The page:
Why Parents Choose to Use Private Subject Tutors - Oct '17

By Lucy Parsons, MTA from Life More Extraordinary

A few weeks ago I interviewed Adam Muckle, President of the Tutors’ Association for my podcast, The School Success Formula. The title of the podcast was ‘Does your child need a private tutor’ and it generated a lot of chatter on social media, specifically on LinkedIn and in my Facebook group for parents, The Supportive Parents, Successful Students community.

The comments from parents on social media gave such an interesting insight into why parents choose to employ subject tutors that Adam invited me to summarise their comments in this article.
So, why do parents choose to use private subject tutors?

1.To build their children’s confidence
Many parents felt that their children just needed a confidence boost in specific subjects. As one parent said, “she has the one on one she needs to increase her confidence (it turns out she has the knowledge but was doubting herself) and she comes out of her sessions smiling and happy every time!”

2. To help with school entrance exams, such as the eleven plus
Several parents said that they had only employed tutors to help with the eleven plus. Once their children were through this hurdle there was no longer any need for a tutor.

3. Reinforcing the basics
One parent commented that her child was struggling with maths because she hadn’t yet conquered the basics. They found a tutor to make sure that the basics were in place and from there her daughter was confident to carry on on her own.

4. Inconsistent teaching at school
Several parents told of how their child’s teaching had become inconsistent at school because teachers were off sick and supply teachers were being used. Bringing in a private tutor both helped to ensure that the basics were in place and restored the children’s confidence.

5. Essay writing pointers
Some students were struggling with things like essay technique. Parents used tutors to increase their skill and confidence in this area for short periods of time.

6. Disliked subjects or teachers
One parent said that her daughter didn’t like history and they brought in a tutor to make sure that she passed this subject at GCSE. Another parent said that her son didn’t have a great relationship with his physics teacher and she wanted him to love the subject. The tutor was able to inspire her son and ignite his passion for the subject so that he wants to continue studying it.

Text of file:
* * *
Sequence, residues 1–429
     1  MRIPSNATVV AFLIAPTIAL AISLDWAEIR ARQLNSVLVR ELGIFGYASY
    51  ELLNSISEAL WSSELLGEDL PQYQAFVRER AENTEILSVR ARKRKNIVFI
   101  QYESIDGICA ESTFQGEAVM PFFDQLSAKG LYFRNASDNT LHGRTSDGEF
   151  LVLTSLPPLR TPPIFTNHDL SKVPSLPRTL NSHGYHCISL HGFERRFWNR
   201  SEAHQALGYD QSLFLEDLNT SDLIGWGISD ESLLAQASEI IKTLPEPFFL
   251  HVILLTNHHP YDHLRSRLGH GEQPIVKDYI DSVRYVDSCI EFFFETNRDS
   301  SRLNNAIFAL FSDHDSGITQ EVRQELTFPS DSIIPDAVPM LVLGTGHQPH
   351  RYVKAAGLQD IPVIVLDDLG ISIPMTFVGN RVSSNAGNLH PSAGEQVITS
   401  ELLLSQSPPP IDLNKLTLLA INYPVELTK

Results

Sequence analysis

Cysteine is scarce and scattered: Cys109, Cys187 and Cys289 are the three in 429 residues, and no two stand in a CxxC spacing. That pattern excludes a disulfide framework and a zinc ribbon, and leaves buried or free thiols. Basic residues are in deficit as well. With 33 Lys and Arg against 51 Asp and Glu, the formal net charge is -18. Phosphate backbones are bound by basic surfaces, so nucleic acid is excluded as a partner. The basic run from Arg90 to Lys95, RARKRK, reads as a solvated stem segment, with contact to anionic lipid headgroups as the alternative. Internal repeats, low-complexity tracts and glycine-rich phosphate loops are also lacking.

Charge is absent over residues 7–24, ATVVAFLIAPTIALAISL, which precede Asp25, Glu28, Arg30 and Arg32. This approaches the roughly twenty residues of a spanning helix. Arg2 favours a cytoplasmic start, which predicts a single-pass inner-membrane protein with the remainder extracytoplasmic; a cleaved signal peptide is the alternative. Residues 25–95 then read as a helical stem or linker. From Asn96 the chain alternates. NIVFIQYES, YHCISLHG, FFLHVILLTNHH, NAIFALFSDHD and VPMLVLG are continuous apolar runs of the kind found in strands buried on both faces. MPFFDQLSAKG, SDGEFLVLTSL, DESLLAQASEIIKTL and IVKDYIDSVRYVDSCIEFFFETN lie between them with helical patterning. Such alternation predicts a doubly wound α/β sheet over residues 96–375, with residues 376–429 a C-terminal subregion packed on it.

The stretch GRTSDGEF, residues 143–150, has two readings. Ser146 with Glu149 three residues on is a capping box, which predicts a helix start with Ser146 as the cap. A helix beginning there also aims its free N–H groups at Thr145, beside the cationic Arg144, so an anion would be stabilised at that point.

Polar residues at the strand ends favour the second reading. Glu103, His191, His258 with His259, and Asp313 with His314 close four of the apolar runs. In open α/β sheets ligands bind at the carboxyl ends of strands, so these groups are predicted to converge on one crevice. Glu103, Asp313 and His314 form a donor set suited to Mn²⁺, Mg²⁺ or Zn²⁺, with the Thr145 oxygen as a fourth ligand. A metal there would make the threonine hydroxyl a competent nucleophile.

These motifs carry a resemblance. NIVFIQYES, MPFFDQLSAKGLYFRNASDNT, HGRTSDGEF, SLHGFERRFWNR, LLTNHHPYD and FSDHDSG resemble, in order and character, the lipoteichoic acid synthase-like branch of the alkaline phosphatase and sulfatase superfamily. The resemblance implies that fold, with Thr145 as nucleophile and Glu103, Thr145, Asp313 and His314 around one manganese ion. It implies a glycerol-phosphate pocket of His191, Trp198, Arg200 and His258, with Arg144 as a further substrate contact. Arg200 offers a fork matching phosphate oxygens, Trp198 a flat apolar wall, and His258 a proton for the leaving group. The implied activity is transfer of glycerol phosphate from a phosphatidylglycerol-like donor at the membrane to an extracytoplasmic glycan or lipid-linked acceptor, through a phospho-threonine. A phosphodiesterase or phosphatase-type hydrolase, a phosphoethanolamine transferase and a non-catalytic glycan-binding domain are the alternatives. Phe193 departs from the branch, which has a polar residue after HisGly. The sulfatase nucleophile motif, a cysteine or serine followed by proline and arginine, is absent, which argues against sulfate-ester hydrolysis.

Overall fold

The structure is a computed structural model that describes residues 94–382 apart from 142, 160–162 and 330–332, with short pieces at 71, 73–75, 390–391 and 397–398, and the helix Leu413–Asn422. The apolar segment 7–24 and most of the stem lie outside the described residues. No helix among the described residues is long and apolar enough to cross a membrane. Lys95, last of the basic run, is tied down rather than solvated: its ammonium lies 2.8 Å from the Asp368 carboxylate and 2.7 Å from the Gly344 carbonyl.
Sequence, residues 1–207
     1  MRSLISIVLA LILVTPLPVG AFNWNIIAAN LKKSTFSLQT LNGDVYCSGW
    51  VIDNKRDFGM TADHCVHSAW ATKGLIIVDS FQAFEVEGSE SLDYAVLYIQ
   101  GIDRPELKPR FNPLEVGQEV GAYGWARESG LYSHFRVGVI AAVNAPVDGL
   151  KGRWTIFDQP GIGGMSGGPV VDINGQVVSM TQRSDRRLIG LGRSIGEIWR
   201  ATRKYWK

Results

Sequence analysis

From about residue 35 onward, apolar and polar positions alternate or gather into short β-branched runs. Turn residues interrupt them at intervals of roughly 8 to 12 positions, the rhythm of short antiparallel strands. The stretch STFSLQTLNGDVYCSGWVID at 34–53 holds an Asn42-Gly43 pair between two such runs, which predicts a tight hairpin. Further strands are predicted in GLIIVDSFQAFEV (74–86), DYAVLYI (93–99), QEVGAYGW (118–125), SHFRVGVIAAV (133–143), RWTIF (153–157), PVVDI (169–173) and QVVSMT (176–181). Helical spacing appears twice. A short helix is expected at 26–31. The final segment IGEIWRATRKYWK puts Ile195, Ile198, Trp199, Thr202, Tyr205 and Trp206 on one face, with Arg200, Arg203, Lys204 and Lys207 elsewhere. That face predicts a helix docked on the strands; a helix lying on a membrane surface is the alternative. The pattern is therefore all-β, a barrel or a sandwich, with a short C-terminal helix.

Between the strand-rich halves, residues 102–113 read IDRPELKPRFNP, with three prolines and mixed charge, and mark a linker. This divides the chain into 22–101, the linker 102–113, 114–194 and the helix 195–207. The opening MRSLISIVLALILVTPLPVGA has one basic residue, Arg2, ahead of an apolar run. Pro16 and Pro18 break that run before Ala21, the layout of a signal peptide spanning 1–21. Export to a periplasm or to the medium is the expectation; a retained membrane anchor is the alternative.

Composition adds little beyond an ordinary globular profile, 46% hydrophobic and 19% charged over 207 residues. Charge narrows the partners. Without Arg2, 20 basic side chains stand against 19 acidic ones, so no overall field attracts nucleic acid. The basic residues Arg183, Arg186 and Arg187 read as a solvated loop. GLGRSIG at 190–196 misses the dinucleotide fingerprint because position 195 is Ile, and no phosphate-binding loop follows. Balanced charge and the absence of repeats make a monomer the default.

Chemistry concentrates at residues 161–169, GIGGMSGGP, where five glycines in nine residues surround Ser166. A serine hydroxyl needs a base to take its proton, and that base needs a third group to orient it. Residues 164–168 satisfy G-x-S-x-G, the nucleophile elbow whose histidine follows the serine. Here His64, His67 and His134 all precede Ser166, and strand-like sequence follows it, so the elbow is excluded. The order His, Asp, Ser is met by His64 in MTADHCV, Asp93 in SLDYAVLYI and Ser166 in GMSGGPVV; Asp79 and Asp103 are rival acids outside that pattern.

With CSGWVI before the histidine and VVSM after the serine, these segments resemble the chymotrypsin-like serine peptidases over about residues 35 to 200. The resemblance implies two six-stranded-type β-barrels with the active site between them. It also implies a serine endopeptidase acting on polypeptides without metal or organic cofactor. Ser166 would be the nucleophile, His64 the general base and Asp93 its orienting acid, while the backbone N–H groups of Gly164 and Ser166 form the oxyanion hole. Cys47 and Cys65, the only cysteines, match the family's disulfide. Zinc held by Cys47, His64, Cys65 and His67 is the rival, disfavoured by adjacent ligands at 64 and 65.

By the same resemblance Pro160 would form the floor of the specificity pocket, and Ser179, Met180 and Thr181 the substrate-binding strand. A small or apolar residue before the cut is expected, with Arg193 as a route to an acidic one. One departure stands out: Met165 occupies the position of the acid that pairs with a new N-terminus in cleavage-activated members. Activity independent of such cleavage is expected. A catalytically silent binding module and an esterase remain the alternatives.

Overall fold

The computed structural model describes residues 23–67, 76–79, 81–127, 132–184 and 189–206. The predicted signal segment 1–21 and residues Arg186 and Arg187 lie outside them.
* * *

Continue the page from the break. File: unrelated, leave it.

7. Falling behind
Another parent decided to employ a tutor when her child was moved to the bottom set for maths. She didn’t think her daughter should be in that set and wanted the tutor to help her child to improve her understanding.

8. Specific learning difficulties
One parent said that her child has dyspraxia and this meant that they struggled in maths. The tutor was able to increase her confidence and understanding of the subject. This is something I hear from the parents of dyslexic children as well.

9. One-to-one attention
The theme through many of the responses was that class sizes meant that it was impossible for children to get one-to-one attention. One mother said, “Everyone learns in different ways and although it is the teacher’s job to help them learn, that can be hard when you have 30 others in the class and there is little chance of focused attention to help you get to grips with a particular issue… She would never have done so well last year without that extra support. It is very much about confidence for her and that 1.2.1 time really has made all the difference.”

In summary, it really comes down to two factors: one-to-one attention and the confidence that brings to a child.
Why do parents employ you as a private tutor? I’d love to know. Tweet me @LucyCParsons or connect with me on LinkedIn.

Lucy Parsons is an Academic Coach, teaching students study skills and helping them to get into their dream universities, and the author of The Ten Step Guide to Acing Every Exam You Ever Take. Visit Lucy’s website at www.lifemoreextraordinary.com or listen to her podcast The Supportive Parents, Successful Students community.

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